Like most people nowadays, my first experiences with music were hearing it on the radio, records or TV. Some folks grow up in a musical family, but I didn’t (my kids did, though).
Hearing music only from those three media outlets mentioned above tends to make you separated, mentally, from the fact that real musicians made it. Modern studio trickery enables the artists to put a tight, even sheen on the performances. Some records are made without any band member actually playing in the same room with another. Some records are made by one person, overdubbing all the instruments.
That’s what makes seeing a band live so important – what you hear, coupled with what you see, really impresses on you the skills and talent of the performers.
For those of us who also play music, as we listen to our efforts fall short (often WAY short) to these musical ideals, it can be tempting to think the pros create some of that gap by having better instruments, mics, sound support. This is true to some degree, but none of those things will get you a record deal or a spot on the main stage at Grass Valley – or the Grand Ol Opry.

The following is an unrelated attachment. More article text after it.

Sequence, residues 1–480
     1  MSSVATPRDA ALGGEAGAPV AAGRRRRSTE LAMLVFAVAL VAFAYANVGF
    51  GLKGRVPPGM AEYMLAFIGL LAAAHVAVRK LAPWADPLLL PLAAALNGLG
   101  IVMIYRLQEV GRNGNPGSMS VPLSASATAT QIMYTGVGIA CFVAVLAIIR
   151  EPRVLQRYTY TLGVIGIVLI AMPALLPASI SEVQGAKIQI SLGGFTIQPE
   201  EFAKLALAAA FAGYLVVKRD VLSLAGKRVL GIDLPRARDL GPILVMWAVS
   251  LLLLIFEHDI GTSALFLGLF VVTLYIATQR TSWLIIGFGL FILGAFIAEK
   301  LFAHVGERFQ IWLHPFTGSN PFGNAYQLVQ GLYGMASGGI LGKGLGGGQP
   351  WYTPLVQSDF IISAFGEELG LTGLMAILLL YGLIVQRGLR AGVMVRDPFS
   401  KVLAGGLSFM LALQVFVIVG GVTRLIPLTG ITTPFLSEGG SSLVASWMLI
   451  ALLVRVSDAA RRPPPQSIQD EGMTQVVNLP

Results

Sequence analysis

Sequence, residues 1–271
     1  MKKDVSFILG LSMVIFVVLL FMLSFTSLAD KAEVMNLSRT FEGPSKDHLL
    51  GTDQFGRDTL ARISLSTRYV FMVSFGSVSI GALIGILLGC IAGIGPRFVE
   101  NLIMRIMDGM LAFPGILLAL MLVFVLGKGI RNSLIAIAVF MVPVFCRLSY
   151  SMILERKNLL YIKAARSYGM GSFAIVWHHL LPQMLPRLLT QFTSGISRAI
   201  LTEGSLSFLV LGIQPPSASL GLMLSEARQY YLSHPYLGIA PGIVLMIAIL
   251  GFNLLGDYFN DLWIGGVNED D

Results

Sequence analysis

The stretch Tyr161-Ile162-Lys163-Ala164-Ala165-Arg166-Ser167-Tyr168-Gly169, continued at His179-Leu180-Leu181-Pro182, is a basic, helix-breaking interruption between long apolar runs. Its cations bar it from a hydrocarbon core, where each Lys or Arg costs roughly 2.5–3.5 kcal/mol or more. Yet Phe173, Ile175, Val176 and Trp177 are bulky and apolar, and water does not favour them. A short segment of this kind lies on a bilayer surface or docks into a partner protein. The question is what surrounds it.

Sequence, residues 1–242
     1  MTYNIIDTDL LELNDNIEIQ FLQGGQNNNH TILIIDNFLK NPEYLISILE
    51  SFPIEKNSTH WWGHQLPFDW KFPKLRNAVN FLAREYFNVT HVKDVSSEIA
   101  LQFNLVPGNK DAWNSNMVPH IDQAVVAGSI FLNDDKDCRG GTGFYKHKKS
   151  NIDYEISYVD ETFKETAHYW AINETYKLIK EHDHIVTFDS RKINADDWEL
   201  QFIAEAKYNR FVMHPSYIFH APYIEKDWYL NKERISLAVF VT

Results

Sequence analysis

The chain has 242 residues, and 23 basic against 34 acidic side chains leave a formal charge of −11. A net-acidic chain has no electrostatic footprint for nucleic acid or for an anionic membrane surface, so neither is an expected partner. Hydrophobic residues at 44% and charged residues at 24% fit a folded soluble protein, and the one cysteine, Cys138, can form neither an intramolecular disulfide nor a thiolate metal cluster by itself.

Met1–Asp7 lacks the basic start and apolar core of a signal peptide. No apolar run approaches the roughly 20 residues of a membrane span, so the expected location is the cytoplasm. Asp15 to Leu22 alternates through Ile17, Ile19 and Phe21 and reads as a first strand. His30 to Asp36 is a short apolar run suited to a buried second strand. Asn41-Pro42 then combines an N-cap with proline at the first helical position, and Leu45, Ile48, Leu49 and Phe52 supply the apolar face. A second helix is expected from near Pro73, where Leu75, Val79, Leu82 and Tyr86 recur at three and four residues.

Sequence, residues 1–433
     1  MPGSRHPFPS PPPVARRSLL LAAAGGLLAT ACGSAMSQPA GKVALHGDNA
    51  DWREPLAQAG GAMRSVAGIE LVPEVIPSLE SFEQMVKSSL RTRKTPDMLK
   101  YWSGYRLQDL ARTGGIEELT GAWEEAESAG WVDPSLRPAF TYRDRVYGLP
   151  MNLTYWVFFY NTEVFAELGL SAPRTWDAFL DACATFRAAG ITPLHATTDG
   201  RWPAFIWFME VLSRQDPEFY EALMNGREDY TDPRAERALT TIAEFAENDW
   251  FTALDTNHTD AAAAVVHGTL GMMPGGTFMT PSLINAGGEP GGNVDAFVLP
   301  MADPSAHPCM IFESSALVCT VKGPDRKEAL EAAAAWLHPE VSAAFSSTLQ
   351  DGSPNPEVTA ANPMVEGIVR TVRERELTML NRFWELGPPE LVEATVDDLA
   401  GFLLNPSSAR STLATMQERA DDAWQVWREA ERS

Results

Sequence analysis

One of the most stark realizations of this comes if you have a chance to watch these top pros warm up backstage. There, without any pretense, sound support, or sometimes even instruments, your these wizards warm up their voices with impossibly tight 4 part harmonies, and you instantly know the talent and hard work behind it.
In no way should something like this discourage amateurs like me. Instead it shows me it CAN be done, and it is most definitely worth pursuing excellence at the craft – to the extent you’re willing and able to pursue it.
Coming up next month, we’re going to see dozens of performers plying their trade, both on the stage and In camps, and we will reminded of the “realness” of music (Is that even a word?). Not all music is performed like this – just wood, strings and vocal cords. But there was a time the only way music could be rendered was live and in person.
It’s odd – originally records and radio gave folks an extra chance to hear music they tended to hear live, in concert halls, recitals, dances and front porches. Now we go to hear live music to see how it’ll stack up against what we’re hearing on radio, TV or the internet. As long as the music reaches our ears, we’re doin’ all right!